Monday, May 26, 2008

The mother of all sinus infections

I had a follow up visit with my asthma Dr. last week and casually mentioned how bad allergies were this year. She looked at me, looked up my nose, down my throat and in my ears and said "it's not allergies, you have a sinus infection." All of a sudden my exhaustion the past couple of weeks made a lot more sense. She put me on some antibiotics and said "call me in 2 weeks if it isn't cleared up." I walked out and thought "cool, now I'll feel better."

Fast forward a week and I'll tell you right now, I do not feel better. This thing is holding on for dear life and WILL NOT let go. I'm tired and want to sleep all the time and my nose has become a constantly running faucet (sorry, that might be classified as TMI). I haven't worked out in 5 days- that's the longest I have gone without working out since the last time I was sick, over a year ago. I was on vacation, I worked out. Family funerals, I worked out. I NEVER miss my workouts. And here I am, 2 weeks before my next adventure race and the thought of actually going outside and running or biking wears me out. Not good.

It would probably help if I actually got some sleep every now and then. With school done for the spring (yeah!! another 4.0 semester, thank god) I had planned lots of fun stuff before I started feeling cruddy and couldn't very well cancel all those fun things :-) One such event was last week... I did something I haven't done for years: went to a premiere movie at midnight. I saw the new Indiana Jones movie Wednesday night - I have seen every single one of the Indiana Jones movies on premiere night and wanted to continue the tradition. The first one came out when I was in high school; I won tickets to the premiere night at midnight and from that night on, I was hooked. This time I went with my friend Aaron, who wrote a great blog on our experience that night. Check it out at Denver Metblogs.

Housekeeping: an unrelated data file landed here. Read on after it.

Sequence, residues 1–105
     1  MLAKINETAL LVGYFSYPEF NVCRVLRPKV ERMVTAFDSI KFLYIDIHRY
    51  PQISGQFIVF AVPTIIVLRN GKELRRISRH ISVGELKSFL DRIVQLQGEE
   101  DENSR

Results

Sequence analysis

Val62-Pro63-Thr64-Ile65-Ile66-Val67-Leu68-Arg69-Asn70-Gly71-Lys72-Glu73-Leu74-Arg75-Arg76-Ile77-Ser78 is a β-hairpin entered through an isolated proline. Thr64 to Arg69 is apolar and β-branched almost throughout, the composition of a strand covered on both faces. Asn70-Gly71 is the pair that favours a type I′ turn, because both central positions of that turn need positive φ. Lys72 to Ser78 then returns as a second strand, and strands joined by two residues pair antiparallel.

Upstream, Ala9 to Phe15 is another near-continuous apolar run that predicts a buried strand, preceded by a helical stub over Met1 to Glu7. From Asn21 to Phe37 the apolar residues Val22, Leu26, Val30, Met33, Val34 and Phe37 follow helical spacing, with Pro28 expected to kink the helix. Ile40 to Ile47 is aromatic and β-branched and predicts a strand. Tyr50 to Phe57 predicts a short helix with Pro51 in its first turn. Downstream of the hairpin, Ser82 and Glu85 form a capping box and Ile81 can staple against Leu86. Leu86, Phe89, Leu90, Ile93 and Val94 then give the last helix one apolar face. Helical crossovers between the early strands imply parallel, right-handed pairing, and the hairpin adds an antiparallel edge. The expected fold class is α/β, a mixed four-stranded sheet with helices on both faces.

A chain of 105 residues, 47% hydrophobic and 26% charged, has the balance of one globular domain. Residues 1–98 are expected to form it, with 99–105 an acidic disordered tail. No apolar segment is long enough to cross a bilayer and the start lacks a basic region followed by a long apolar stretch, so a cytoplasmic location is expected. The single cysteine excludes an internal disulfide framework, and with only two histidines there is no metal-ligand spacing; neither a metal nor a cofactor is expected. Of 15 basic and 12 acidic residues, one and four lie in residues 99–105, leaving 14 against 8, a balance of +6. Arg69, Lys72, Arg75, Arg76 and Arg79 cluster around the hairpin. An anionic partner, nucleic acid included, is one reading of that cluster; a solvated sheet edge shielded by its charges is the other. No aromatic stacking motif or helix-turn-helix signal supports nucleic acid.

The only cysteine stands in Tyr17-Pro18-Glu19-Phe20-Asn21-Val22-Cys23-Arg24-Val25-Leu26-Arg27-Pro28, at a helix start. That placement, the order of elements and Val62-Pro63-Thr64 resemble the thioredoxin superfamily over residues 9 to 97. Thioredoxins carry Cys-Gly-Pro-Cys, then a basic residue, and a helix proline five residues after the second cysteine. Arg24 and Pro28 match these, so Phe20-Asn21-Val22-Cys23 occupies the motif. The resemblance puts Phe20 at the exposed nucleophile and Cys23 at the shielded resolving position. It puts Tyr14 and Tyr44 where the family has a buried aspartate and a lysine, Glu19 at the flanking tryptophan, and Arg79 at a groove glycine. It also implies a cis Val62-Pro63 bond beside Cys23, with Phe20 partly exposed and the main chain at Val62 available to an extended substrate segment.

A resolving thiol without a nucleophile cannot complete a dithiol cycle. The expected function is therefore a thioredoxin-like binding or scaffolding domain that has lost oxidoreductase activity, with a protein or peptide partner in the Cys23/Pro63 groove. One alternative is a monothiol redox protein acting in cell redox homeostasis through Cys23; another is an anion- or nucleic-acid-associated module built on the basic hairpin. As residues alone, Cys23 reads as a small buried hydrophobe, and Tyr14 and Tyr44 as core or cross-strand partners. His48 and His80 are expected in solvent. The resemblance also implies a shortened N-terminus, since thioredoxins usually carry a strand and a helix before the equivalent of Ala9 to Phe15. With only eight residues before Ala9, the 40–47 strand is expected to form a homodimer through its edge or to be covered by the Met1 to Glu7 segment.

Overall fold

The next night was a workshop on orienteering, a key component to adventure racing. It was a good intro but the true test will be next weekend; I will be spending the entire weekend at the Peaceful Valley Scout Ranch for training and a race. Saturday will be an all-day training session, then the next day will be an actual meet. I need all the practice I can get!

This weekend has been a blur of activity; a day of 4-wheeling, a Rockies game, graduation party and lots of yard work. Despite all that activity I have been working on getting more sleep, hoping to help this sinus infection move on.

But tomorrow... I WILL workout. I promise. Really, I will.

Sunday, May 18, 2008

Is summer finally on the way?

Winter has had a tight grip on the weather here in Colorado and it appears it does not want spring to appear anytime soon. However, this weekend spring got the upper hand and we finally saw a beautiful, Colorado weekend; sunny and warm! Thank god for that, I was beginning to get depressed with all the gloomy weather we have been having.

With a nice weekend coming I, of course, planned a lot of outdoor activities. I'm already longing for the freedom I had last summer, when I could take off at a moment's notice with no worries. Not anymore, I have to plan for the weekends like all the rest of you mere mortals out there.